Poll: Half of voters want to cut electric vehicle sales targets

According to a recent poll conducted by The Center Square, it has been found that 50% of likely voters believe that the Biden administration should lower its targets for electric vehicle sales.

According to car dealers, the demand for cars has decreased.

According to a recent poll conducted by The Center Square Voters’ Voice, only 22% of voters expressed support for maintaining the current electric sales targets. Surprisingly, 15% of respondents were undecided on the matter. On the other hand, a mere 13% of voters expressed their support for increasing the sales targets.

The survey, carried out in partnership with Noble Predictive Insights, involved 2,510 voters. The participants comprised of 1,044 Republicans, 1,126 Democrats, and 340 true independents. The survey was conducted from March 11 to March 15, and the margin of error is +/- 2%.

According to a recent poll, the Environmental Protection Agency (EPA) has announced its “strongest ever” regulations for light-duty and medium-duty vehicles, which will be in effect from 2027 through 2032. These regulations aim to ensure that approximately 67% of new car sales by 2032 are electric vehicles.

In December, 4,000 auto dealers reached out to Biden, urging him to ease up on electric vehicle mandates. They explained that their lots were already filled with electric vehicles, and the demand from consumers had significantly decreased. This decline in demand can be attributed to various factors, including range anxiety, a sparse charging network, and the higher upfront costs of electric vehicles. Additionally, the current economic situation, with higher interest rates and inflation, has further affected consumer interest in electric vehicles.

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Michigan has recently made a significant commitment to supporting the development of electric vehicles. The state has pledged a substantial $1.8 billion in subsidies for Ford’s electric vehicle plant in Marshall, with an additional $715 million allocated for a Gotion plant near Green Charter Township. These investments aim to accelerate the transition from traditional combustion engine vehicles to more sustainable and environmentally friendly alternatives.

According to John Mozena, the president of the Center for Economic Accountability, elected officials are jeopardizing the future of their communities by prioritizing electric vehicle plants.

“They are using public funds amounting to hundreds of millions of dollars or more to finance the construction of factories that produce cars that the general public has little to no interest in purchasing,” Mozena expressed. “This decision not only burdens taxpayers with long-term debt obligations but also diverts resources away from essential public services.”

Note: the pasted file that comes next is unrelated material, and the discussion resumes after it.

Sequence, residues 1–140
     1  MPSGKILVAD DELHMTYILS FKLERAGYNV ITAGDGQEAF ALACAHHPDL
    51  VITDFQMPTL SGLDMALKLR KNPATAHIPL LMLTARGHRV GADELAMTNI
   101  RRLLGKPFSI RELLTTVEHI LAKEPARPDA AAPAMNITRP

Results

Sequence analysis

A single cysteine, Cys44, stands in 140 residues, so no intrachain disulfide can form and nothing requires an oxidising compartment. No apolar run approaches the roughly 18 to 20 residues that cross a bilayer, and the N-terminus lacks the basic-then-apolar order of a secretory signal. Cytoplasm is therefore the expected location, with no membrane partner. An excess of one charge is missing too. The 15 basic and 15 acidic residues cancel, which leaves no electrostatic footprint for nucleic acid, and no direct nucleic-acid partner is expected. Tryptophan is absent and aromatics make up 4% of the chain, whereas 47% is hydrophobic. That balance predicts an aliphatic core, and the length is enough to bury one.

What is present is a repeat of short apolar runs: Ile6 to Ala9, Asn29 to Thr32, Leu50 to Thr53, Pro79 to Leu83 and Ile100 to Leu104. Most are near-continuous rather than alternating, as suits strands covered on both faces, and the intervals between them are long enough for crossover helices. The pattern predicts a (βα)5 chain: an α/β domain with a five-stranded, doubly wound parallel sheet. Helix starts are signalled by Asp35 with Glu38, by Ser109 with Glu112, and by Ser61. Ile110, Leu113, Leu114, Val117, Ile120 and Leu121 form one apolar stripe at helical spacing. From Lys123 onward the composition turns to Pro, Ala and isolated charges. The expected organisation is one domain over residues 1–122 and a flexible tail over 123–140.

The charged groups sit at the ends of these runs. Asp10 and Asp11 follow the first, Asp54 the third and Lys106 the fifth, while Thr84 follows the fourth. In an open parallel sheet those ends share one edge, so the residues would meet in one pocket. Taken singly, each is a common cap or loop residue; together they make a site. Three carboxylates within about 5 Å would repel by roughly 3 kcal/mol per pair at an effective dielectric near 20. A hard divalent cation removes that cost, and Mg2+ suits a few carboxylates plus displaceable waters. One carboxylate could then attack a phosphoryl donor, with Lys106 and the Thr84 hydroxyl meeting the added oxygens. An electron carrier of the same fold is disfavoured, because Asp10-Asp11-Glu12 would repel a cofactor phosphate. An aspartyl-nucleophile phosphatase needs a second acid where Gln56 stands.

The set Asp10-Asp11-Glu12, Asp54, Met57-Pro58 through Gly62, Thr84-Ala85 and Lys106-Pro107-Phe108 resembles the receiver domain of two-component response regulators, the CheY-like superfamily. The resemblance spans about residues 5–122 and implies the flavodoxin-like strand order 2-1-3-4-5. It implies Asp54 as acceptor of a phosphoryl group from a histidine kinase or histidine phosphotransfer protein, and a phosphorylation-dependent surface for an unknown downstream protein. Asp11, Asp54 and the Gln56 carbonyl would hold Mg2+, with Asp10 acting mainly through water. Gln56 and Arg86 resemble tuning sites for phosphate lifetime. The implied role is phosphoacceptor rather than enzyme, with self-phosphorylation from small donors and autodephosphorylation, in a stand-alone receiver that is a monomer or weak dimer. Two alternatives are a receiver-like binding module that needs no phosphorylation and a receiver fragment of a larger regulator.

According to Mozena, local public servants could have been funded with the subsidies allocated for electric vehicles. For the past four decades, the majority of consumers have opted for vehicles powered by internal combustion engines.

Mozena expressed in an email that the money being spent on subsidizing cars has significant costs. He emphasized that every dollar used for this purpose is a dollar that cannot be allocated to other crucial areas such as paying firefighters, teachers, paramedics, road construction workers, safety engineers at the local water plant, health department inspectors, and other essential public workers who contribute to creating safe and enjoyable communities to live in.

Michigan is currently facing a shortfall of 1.9 million electric vehicles in its ambitious plan to reach a goal of 2 million EVs by 2030. To bridge this gap, the state needs to add over 28,000 electric vehicles every month for the next 67 months. This concerted effort is crucial in order to meet the desired target and pave the way for a more sustainable future.

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According to Rep. Matt Hall, a Republican from Richland Township, the electric vehicle mandate has the potential to devastate jobs in the auto industry.

According to the speaker, Biden and Whitmer, referring to Michigan Gov. Gretchen Whitmer, continue to promote electric vehicles (EVs) to the public. However, they fail to acknowledge that EVs are both costly and unreliable. The general consensus is that people are not interested in purchasing them. Furthermore, their extreme environmental agenda may result in the closure of auto manufacturing plants, consequently causing unemployment among auto workers.

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